Losing Laroche: The Story of the Titanic’s Only Black Passenger

Friday, January 5, 2018: 4:30 PM
Maryland Suite C (Marriott Wardman Park)
Kellie Carter Jackson, Hunter College, City University of New York
This paper explores the history of the only black family onboard the Titanic. The story of Haitian Joseph Philippe Lemercier Laroche, his French wife Juliette Lafargue, and their descendants is largely unknown and troubles the racialized US Titanic narrative focused on elite white travelers. Laroche’ significance to the Titanic narrative is twofold. First, Laroche allows us to better understand the possibilities of black advancement in the Titanic moment. Laroche is a direct descendant of the first ruler of independent Haiti, Jean-Jacques Dessalines. He traveled from Haiti to France to be educated as an engineer and help develop Paris’s North-South train line. Secondly, Laroche also demonstrates the limitations of black advancement in a racially hostile world. Despite his pedigree and personal accomplishments, he struggled to find steady employment in France and was unable to provide for his growing family, prompting his to return to Haiti in 1912.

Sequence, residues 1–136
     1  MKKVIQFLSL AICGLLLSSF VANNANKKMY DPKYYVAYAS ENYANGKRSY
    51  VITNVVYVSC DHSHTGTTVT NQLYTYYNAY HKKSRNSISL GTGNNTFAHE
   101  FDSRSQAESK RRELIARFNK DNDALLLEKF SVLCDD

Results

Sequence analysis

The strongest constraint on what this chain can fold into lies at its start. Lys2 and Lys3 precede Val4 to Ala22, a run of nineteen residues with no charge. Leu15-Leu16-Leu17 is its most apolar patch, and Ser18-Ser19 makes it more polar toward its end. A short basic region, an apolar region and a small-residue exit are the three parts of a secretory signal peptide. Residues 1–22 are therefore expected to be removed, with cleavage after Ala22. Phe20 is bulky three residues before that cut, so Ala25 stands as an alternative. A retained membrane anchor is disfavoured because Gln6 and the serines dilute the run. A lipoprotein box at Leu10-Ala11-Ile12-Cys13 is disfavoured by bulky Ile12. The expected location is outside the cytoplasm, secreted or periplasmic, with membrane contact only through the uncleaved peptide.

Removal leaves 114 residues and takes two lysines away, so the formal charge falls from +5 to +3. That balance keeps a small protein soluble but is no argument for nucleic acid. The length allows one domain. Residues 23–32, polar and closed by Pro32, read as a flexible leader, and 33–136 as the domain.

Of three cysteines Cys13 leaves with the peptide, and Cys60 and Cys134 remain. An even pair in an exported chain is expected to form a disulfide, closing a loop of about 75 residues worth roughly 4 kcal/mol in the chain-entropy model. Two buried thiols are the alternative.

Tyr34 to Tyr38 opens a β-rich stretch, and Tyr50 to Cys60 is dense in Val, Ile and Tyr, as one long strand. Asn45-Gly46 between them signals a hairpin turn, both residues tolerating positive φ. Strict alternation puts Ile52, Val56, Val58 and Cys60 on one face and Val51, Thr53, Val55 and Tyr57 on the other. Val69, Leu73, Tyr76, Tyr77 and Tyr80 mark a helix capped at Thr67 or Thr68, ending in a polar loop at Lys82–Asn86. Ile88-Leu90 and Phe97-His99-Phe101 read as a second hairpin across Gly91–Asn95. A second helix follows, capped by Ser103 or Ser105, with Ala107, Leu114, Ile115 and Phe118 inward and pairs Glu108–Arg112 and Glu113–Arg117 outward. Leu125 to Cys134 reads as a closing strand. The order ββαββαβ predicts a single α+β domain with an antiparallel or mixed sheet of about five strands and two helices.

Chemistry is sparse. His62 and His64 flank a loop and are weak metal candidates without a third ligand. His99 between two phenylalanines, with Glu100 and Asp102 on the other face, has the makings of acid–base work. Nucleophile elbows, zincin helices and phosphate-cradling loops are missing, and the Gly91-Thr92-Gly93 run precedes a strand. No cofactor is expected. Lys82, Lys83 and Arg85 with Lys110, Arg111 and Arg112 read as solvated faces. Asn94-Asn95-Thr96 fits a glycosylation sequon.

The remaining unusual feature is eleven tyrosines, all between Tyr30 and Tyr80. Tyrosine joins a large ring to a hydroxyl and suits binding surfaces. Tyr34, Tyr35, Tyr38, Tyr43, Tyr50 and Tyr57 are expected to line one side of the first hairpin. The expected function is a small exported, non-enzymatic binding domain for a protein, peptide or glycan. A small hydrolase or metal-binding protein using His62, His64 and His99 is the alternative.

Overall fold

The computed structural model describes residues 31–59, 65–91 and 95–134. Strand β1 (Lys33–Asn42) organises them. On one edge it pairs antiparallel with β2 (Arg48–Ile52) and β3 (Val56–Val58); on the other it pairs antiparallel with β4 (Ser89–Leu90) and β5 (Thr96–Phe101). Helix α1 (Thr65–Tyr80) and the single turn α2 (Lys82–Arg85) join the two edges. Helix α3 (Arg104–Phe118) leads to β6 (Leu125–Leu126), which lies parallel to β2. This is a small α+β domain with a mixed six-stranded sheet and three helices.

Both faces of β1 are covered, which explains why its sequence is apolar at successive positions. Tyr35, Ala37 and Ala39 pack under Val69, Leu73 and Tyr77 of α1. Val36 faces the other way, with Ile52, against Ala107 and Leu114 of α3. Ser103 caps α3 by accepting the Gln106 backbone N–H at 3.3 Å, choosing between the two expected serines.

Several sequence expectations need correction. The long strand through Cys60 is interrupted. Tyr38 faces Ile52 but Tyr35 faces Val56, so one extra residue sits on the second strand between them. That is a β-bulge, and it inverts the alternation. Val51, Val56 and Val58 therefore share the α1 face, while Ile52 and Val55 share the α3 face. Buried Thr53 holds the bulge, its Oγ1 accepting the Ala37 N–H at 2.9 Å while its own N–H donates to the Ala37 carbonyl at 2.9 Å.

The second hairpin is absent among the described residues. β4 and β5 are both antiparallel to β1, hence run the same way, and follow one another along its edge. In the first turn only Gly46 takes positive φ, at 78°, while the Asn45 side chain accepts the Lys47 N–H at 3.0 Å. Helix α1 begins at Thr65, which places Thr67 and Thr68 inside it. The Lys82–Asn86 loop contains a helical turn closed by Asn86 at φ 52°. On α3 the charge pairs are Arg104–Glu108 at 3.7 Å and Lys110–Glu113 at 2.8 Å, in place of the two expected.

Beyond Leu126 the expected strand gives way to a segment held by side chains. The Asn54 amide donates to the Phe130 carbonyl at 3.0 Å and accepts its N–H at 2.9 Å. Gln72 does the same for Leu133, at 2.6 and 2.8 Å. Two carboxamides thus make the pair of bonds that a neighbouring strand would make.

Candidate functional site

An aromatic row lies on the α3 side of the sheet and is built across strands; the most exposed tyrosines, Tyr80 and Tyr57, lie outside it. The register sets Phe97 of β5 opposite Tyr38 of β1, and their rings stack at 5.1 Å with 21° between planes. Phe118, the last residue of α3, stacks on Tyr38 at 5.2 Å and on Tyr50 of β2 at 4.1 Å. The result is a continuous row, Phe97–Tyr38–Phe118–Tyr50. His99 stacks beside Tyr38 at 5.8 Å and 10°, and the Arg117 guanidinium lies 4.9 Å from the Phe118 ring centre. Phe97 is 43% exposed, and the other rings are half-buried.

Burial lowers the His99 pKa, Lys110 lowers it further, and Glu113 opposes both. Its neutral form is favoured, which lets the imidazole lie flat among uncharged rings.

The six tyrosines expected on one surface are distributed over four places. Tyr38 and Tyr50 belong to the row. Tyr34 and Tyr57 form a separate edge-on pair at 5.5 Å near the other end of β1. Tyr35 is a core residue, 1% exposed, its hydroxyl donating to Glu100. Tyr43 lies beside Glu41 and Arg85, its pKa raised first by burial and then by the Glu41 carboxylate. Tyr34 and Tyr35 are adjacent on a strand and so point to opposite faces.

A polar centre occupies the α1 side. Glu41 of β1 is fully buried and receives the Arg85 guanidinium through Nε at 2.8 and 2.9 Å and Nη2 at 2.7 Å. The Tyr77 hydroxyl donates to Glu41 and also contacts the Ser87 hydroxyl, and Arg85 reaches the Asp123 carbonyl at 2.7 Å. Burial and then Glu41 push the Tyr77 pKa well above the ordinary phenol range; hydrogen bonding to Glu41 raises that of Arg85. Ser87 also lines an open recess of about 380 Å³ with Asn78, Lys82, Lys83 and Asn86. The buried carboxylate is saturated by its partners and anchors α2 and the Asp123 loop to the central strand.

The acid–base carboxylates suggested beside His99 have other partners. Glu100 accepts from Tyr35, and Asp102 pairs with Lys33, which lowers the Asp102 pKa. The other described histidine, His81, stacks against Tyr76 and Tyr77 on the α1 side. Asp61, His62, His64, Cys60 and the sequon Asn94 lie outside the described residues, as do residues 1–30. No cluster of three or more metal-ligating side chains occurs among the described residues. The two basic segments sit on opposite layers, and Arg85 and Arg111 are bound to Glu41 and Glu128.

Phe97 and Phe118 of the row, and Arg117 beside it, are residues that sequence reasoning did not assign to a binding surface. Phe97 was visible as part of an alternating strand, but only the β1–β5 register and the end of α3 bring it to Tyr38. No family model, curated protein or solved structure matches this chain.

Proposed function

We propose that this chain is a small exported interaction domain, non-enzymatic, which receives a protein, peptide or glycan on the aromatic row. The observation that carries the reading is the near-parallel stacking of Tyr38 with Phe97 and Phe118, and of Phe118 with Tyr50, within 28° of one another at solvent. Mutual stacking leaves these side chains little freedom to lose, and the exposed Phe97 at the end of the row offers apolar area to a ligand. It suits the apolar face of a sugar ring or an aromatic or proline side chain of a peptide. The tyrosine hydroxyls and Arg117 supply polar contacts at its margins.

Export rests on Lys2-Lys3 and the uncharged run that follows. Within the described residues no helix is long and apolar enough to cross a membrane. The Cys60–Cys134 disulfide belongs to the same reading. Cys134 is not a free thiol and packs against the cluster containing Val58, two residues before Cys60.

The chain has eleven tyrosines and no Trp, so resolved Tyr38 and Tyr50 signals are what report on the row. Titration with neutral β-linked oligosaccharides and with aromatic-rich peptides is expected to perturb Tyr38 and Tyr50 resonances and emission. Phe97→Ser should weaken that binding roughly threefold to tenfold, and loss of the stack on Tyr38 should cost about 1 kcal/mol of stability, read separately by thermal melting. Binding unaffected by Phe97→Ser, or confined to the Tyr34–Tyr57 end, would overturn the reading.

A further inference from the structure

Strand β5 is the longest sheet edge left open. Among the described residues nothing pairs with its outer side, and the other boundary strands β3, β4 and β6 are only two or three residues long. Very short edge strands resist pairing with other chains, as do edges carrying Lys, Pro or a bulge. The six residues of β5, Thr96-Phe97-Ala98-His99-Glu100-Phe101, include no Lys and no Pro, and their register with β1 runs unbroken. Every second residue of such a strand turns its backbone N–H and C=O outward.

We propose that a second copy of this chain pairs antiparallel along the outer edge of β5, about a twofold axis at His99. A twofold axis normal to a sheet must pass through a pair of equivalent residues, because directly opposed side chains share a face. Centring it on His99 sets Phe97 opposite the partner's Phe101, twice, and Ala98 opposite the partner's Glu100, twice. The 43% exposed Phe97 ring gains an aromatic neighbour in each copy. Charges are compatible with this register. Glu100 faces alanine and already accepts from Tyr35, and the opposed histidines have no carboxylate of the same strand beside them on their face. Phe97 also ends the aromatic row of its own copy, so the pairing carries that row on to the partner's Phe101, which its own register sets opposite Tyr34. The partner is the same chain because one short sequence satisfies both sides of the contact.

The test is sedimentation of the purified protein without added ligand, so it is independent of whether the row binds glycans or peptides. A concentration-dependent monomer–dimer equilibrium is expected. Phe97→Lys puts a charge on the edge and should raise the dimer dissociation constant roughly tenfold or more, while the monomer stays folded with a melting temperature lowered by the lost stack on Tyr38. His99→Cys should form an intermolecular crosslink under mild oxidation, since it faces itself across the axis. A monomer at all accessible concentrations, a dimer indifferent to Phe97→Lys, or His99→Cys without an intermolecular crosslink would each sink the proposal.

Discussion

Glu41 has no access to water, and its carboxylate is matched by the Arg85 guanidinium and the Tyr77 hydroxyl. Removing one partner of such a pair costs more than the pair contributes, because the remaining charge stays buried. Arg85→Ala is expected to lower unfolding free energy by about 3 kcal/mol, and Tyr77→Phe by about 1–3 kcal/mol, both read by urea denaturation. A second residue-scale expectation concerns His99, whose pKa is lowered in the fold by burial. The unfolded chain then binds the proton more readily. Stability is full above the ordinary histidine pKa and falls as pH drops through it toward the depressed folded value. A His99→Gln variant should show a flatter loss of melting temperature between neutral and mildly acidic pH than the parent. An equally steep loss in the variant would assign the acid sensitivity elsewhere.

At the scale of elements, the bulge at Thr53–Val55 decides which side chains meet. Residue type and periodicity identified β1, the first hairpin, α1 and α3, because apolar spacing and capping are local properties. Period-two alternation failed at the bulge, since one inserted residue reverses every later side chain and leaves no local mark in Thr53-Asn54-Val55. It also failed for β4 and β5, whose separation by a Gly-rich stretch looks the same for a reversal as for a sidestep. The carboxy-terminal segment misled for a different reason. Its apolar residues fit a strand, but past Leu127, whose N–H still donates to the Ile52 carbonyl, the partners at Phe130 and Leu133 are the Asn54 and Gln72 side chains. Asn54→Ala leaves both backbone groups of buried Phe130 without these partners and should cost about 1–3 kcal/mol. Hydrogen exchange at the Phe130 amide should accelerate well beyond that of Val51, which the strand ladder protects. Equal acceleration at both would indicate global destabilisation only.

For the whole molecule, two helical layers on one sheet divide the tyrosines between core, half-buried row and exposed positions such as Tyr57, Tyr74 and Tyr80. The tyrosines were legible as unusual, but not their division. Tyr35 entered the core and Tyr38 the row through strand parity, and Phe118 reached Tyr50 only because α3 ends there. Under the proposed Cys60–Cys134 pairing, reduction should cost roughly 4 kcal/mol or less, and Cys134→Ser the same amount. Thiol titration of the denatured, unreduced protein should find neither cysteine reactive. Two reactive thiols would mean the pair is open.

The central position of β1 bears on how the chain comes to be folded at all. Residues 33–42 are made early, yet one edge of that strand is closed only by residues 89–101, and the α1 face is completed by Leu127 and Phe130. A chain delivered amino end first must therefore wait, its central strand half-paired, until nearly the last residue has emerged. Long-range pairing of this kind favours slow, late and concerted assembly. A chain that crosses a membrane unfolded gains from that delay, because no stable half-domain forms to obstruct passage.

The paper recounts Laroche’s life story in order to probe ways in which African-Americans made sense of their lived existence during “the Nadir” of U.S. race relations. For many African Americans, the Titanic represented the ultimate symbol of white hubris. Indeed, in black memory and literature, the Titanic became a vehicle of jokes, roasts, and legends surrounding a possible black passenger. In oral tradition, African Americans developed a character named Shine (a derogatory name used for black men) who jumps into the water during the sinking of the ship. Shine mocks the wealthy passengers who found themselves in perilous waters. Attending to Laroche (the person) against the caricature (Shine) affords the opportunity to address black people who traveled with agency and contested white supremacy and its economic advantages. Laroche’s life story reveals the seemingly inescapable grasp of tragedy and demise that follow black people wherever they venture, even in their attempts to travel home.

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